‘Justice Was Served’
DA, Family Express Satisfaction With Murder Conviction
MAYVILLE — “I can breathe now.”
Those were the words of William J. Michishima’s mother, Jessie Michishima, after a jury convicted David F. Waggoner of second-degree murder for the July 2018 death of her son.
“I thank God for (Chautauqua County District Attorney) Patrick Swanson. I’ve been praying for him for the last seven days,” Jessie Michishima told The Post-Journal.
The 12-person jury, comprised of nine men and three women, read the verdict just two hours into the second day of deliberation.
Chautauqua County Public Defender Ned Barone asked the jury in his closing argument to “return David Waggoner to his family.”
The jury, however, ultimately rejected the claim that Waggoner was defending himself when he shot William J. Michishima in the head the morning of July 24, 2018, following an argument in front of 114 Livingston Ave. in Jamestown.
In speaking to reporters afterward, Swanson thanked members of the Jamestown Police Department and his office for seeing the case through to the end.
“Right now we’re pleased with what the jury did,” Swanson said. “Obviously JPD put a lot of time and effort into this case, as did our office. When you get a result like this, it’s a culmination of all that work, and I do want to send my appreciation out to the job well done by the Jamestown police (and) all of the people in my office that helped me get through this.”
Waggoner was taken into custody just moments after the shooting. A grand jury indicted him in August.
Barone maintained throughout the trial that Michishima was the aggressor when he visited Waggoner at his Livingston Avenue home. Two witnesses described seeing the two men fight before Michishima was shot in the head.
The two-and-a-half-week trial — heard before Chautauqua County Court Judge David Foley — went to the jury for deliberation Wednesday afternoon. They returned a verdict before noon Thursday.
Included in the jury’s instructions were the murder charge, a second-degree manslaughter charge and a justification defense to consider. Barone and Waggoner’s defense pushed for the justification throughout the trial.
During the trial, Barone described Waggoner’s circumstance as a “life and death situation.” The public defender maintained that Waggoner acted in response to Michishima’s initial aggression, and that a progression of increasingly hostile events by Michishima lead to the shooting.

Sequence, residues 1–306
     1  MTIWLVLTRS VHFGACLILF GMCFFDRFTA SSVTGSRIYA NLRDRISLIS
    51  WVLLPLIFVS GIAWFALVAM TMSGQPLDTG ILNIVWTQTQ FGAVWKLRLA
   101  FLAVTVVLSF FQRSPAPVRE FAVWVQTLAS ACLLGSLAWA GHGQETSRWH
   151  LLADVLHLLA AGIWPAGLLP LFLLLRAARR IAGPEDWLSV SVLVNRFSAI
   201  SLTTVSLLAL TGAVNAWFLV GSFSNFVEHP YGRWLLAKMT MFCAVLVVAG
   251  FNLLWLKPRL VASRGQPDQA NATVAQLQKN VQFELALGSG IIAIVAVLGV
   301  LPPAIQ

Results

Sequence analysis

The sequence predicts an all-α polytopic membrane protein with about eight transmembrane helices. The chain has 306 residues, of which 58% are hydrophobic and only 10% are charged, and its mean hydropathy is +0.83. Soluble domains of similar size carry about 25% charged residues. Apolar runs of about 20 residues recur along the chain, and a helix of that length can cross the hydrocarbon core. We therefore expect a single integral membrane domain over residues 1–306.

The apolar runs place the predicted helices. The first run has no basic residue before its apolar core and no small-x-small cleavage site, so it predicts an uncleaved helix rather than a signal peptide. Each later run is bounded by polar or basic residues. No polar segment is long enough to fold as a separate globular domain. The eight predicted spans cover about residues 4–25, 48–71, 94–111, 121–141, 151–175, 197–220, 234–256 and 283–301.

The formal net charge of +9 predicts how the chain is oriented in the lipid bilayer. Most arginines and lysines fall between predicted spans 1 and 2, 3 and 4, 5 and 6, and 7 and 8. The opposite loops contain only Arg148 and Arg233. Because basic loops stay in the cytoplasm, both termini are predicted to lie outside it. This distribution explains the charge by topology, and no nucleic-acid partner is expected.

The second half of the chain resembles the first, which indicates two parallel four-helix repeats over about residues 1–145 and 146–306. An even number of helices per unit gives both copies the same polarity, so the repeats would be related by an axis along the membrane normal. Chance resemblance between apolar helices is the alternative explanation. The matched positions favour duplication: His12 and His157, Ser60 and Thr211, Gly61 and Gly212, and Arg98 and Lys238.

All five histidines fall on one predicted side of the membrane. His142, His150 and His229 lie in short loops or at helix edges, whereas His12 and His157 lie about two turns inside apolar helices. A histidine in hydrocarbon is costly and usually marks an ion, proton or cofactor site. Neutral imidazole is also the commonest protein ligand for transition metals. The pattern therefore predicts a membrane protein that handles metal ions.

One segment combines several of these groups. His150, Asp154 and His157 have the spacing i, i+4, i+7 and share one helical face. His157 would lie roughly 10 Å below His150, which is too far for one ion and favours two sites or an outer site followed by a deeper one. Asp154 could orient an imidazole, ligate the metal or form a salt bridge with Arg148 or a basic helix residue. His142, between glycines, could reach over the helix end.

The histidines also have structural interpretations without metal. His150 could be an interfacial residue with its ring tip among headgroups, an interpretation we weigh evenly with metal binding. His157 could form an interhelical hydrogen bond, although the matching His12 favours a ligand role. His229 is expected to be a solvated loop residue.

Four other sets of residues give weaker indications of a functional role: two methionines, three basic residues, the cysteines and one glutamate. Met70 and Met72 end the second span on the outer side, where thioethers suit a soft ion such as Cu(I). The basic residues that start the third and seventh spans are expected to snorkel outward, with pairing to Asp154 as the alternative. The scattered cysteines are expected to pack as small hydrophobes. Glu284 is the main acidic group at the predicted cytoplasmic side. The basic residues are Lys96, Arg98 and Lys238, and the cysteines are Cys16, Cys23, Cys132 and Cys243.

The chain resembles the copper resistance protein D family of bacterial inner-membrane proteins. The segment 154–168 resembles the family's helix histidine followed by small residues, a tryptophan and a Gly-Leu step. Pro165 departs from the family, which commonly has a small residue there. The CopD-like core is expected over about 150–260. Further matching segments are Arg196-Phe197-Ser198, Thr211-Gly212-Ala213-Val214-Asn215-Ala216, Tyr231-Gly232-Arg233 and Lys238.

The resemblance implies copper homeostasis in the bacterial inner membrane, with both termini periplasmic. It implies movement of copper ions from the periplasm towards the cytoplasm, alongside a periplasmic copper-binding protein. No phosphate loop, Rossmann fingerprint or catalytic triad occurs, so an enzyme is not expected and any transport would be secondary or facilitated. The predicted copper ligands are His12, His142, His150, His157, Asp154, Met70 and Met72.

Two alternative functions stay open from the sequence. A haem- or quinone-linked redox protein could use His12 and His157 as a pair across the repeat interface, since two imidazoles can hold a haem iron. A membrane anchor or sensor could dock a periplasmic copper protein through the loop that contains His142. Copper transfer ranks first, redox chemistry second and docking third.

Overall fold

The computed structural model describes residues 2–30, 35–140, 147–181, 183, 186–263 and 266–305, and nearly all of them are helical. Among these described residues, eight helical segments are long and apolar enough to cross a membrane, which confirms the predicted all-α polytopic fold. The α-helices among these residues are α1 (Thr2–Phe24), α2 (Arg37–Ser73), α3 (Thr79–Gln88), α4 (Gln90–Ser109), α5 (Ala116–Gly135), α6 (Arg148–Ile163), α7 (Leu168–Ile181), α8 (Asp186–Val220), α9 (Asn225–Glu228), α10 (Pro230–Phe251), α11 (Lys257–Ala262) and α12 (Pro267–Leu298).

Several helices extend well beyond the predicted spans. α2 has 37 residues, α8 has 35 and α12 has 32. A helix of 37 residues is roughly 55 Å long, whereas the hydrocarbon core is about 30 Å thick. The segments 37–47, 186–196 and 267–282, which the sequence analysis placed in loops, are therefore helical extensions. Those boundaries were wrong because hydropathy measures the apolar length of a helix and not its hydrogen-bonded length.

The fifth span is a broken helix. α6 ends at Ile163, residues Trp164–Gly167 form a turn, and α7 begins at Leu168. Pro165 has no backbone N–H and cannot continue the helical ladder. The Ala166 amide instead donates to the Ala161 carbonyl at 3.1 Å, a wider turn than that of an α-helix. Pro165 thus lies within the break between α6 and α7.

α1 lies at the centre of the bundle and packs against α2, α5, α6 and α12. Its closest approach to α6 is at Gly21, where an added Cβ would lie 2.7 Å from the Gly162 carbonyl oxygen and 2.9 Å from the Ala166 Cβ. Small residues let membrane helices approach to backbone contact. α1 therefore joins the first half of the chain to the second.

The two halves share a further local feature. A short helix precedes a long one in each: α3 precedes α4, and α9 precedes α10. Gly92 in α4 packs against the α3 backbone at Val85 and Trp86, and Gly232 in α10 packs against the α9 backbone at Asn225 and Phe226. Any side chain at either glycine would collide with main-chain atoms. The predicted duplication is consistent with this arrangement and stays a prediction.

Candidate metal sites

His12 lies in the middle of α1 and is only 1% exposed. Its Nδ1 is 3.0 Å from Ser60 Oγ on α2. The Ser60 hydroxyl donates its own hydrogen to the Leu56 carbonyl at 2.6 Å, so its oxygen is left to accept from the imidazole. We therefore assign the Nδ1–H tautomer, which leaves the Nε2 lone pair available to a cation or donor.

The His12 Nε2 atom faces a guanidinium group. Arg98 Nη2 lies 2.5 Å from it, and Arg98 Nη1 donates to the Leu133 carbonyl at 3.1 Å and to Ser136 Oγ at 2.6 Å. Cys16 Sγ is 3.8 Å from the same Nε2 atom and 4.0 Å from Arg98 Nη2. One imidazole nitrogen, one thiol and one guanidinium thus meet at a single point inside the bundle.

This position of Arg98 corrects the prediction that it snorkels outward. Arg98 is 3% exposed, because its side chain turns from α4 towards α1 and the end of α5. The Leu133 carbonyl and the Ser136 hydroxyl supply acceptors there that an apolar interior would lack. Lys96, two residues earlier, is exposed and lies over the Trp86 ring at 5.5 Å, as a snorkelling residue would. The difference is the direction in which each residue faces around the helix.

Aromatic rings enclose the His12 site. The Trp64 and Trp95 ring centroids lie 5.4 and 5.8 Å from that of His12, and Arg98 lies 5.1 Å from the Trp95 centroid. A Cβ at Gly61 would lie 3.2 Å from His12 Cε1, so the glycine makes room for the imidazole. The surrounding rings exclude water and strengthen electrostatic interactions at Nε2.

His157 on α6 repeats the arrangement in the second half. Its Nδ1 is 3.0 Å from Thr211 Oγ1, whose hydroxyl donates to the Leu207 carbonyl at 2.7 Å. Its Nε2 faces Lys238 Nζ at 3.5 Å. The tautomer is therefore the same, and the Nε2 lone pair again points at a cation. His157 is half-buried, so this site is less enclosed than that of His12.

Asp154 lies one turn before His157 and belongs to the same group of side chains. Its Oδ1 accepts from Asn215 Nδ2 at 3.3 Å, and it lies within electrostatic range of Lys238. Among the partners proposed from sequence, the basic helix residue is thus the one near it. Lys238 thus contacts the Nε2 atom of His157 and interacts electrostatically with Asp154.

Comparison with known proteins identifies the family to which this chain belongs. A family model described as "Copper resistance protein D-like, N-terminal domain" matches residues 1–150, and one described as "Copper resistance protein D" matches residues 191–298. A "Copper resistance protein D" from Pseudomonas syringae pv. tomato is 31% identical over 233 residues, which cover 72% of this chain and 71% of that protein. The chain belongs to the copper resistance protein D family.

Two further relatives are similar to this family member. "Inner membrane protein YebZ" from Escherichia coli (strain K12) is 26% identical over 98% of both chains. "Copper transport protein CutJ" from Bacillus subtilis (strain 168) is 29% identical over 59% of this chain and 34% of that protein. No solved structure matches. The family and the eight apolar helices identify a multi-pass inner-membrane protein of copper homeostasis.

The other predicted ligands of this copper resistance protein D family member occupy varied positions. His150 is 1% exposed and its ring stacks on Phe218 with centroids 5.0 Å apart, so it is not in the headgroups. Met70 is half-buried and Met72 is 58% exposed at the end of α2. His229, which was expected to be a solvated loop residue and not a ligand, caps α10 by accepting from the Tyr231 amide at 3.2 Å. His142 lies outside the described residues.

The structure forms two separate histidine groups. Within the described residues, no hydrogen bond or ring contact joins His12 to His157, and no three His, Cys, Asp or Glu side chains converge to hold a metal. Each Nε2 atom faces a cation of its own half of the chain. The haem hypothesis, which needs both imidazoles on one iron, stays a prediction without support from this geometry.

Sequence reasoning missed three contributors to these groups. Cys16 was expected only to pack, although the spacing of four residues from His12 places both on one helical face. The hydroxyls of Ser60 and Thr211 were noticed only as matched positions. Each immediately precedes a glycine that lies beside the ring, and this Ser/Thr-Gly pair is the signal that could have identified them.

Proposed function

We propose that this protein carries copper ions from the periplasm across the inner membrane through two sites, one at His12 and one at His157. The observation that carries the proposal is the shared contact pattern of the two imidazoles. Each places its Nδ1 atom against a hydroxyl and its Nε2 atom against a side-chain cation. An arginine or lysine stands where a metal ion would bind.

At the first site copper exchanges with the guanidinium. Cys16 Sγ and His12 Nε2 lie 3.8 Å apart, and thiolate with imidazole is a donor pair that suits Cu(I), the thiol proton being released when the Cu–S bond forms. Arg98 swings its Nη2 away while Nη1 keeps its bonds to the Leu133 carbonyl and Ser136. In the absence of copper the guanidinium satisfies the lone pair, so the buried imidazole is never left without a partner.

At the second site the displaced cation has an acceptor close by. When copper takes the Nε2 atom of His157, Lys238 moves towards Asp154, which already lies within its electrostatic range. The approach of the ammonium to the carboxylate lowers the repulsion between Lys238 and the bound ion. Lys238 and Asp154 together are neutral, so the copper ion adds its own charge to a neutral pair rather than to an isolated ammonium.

“Obviously it’s always a disappointment, of course, when you believe that you may have been in a position to receive a different verdict,” Barone said. “However, we still strongly believe that we presented a case for justification, and we’re of course disappointed with what the jury had decided.”
Barone said he did not have an insight into what may have resulted in the conviction.
“That’s what the jury’s about,” he said. “They see things in a certain way. They take certain evidence into consideration. They don’t take certain evidence into consideration so it’s always difficult to say why they look at something differently than what you may have expected.”
Waggoner is scheduled to be sentenced Monday, June 10, in front of Foley. Waggoner faces a sentence of at least 15 years to a maximum of 25 years to life in prison.
Barone said the defense will push for the lower end of the possible sentencing; Swanson said his office would be satisfied with anything in the range dictated by the sentencing law.
As for Waggoner, shortly after the decision was read he hung his head and buried his face into one of his hands. The Jamestown man elected to not take the stand during trial and has maintained his innocence.
“He’s upset and he’s disappointed as well,” Barone said of Waggoner’s state of mind. “It’s a very difficult time right now.”
Barone said the defense would consider filing an appeal “if necessary” and will be considering other post-verdict motions.
During the second day of deliberation, the jury requested to review the gun believed by the prosecution to be the murder weapon and a photo of both weapons confiscated on the day of the shooting. The jury also asked to be re-read Foley’s instructions on the justification defense.
Barone believed the deliberation request was a “good sign” prior to the jury reaching the guilty verdict.
“That’s the process and that’s the way our system works,” the public defender said. “We look forward to going on to the next step at this point”
The trial began on March 13 with opening statements. Swanson rested his case March 19 while Barone rested his March 26.
“This is a very difficult process to go through,” Swanson said. “It’s time-consuming. … Today we really feel that justice was served.”
Follow Jordan Patterson at twitter.com/jordanwpatt